Immediate Biomechanical Effects of Lumbar Posterior Dynamic Stabilisation
The current premise, on which spinal fusion is offered to patients with a painful lumbar motion segment, is that the pain arises secondary to abnormal motion or “instability”. By the elimination of this motion, one hopes to eliminate the pain. However, results following spinal fusion are far from predictable, with reported satisfactory clinical results ranging from 46 to 82% [1, 2]. Furthermore, many patients complain of postural or positional pain occurring without motion, suggesting that low back pain may have aetiologies relating to abnormal load transmission rather than abnormal kinematics.
- 2.Thomsen K, Christensen FB, Eiskjaer SP et al (1997) 1997 Volvo Award Winner in clinical studies. The effect of pedicle screw insertion on functional outcome and fusion rates in postero-lateral lumbar spinal fusion: a prospective randomised clinical study. Spine 22:2813–2822CrossRefPubMedGoogle Scholar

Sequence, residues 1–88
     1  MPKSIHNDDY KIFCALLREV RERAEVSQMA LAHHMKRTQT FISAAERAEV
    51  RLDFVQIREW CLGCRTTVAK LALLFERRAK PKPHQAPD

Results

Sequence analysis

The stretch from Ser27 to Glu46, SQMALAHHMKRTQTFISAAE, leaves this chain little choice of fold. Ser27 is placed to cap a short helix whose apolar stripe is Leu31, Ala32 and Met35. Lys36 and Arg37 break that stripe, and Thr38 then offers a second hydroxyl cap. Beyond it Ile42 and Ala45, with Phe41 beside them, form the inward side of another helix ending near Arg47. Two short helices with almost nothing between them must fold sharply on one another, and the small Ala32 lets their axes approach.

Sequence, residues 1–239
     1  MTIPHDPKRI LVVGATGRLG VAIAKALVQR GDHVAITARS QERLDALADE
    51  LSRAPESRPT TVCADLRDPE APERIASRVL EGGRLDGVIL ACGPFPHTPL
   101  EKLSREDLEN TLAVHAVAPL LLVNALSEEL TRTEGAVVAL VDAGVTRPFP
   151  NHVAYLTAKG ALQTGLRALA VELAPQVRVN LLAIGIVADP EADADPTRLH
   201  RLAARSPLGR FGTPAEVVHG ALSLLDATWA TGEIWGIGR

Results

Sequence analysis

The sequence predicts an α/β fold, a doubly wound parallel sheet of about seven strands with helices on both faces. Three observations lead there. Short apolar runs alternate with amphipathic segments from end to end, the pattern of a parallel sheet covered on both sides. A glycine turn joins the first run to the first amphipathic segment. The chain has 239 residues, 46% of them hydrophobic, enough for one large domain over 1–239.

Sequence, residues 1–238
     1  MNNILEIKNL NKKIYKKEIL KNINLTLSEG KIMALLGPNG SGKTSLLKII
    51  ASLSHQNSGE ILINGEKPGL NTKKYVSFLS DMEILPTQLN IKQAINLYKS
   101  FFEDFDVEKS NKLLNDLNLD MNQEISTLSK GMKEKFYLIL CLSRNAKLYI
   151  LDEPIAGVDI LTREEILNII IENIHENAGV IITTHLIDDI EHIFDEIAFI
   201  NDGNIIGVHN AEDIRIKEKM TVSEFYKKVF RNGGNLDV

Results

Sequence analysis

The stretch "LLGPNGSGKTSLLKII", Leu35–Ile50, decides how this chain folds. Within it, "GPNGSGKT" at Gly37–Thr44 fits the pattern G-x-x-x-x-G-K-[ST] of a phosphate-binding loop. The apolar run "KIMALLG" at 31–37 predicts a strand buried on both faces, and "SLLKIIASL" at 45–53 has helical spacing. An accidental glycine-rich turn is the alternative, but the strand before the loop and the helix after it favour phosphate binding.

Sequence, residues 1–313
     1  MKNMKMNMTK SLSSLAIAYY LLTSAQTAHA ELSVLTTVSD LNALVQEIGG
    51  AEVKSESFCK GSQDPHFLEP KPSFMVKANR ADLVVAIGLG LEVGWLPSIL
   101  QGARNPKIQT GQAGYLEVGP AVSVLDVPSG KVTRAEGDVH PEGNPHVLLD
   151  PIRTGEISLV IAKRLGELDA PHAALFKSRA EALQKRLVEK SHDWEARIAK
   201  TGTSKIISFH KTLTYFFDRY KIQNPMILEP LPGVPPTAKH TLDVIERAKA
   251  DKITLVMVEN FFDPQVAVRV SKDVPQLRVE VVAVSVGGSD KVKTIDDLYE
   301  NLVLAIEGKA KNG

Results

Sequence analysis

- 6.Mulholland RC, Sengupta DK (2002) Rationale, principles and experimental evaluation of the concept of soft stabilisation. Eur Spine J 11(Suppl 2):198–205Google Scholar
- 14.Aylott CEW, McKinlay KG, Freeman BJC et al (2005) Dynesys (dynamic neutralisation system for the spine): acute biomechanical effects on the human cadaveric lumbar spine. J Bone Joint Surg 87B Orthop Proc Suppl III:234Google Scholar